Run-off cover

The TPB recommends that a tax (financial) adviser obtain run-off cover if the tax (financial) adviser proposes to cease providing tax (financial) advice services.

Applications for alternative arrangements to be considered as meeting the TPB’s PI insurance requirements

The TPB will generally consider that applications for alternative arrangements meet the TPB’s PI insurance requirements for operations where it can be demonstrated that there are satisfactory arrangements for compensation of clients of tax (financial) advisers, having regard to the policy objective and the requirements set out in this document.

Further, the TPB considers that self-insurance arrangements are alternative arrangements which require TPB approval in order to be considered as  meeting the TPB’s PI insurance requirements.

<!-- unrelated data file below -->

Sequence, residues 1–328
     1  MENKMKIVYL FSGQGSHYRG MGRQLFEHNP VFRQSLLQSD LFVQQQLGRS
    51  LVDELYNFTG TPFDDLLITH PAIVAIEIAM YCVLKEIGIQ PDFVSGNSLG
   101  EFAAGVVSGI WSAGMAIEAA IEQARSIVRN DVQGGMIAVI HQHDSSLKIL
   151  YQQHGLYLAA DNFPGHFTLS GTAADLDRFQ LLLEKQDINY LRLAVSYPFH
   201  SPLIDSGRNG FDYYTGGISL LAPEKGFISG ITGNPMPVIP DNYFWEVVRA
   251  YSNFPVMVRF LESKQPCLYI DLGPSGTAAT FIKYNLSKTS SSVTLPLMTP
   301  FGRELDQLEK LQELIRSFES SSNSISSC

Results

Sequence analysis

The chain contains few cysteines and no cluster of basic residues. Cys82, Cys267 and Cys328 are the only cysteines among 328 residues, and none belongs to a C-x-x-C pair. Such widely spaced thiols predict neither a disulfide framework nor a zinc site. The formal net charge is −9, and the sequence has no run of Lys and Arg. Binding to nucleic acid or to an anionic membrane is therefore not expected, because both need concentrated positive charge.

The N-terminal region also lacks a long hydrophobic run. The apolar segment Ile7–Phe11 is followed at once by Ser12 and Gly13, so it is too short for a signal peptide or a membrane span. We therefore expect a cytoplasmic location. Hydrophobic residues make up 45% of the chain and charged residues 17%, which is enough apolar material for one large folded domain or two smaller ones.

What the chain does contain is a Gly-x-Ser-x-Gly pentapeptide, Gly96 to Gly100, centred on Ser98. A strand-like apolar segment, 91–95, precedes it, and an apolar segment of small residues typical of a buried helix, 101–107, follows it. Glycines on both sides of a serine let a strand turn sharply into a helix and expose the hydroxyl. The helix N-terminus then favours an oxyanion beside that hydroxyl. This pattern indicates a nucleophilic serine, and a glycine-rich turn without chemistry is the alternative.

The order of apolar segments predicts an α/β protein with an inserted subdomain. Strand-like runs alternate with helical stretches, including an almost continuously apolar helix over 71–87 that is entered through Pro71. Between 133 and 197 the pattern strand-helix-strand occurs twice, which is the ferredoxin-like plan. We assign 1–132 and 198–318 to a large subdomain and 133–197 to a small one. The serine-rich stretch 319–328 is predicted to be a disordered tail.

How to make an application for alternative arrangements

Tax (financial) advisers who wish to apply to have alternative arrangements considered as meeting the TPB’s PI insurance requirements will need to lodge an application.

An application to the TPB for alternative arrangements, to be considered as meeting the TPB’s PI insurance requirements, should address the following issues:

  1. Which tax (financial) advisers and representatives will be covered by the alternative arrangements, for example, will the alternative arrangements cover a group of related tax (financial) advisers or an industry sector?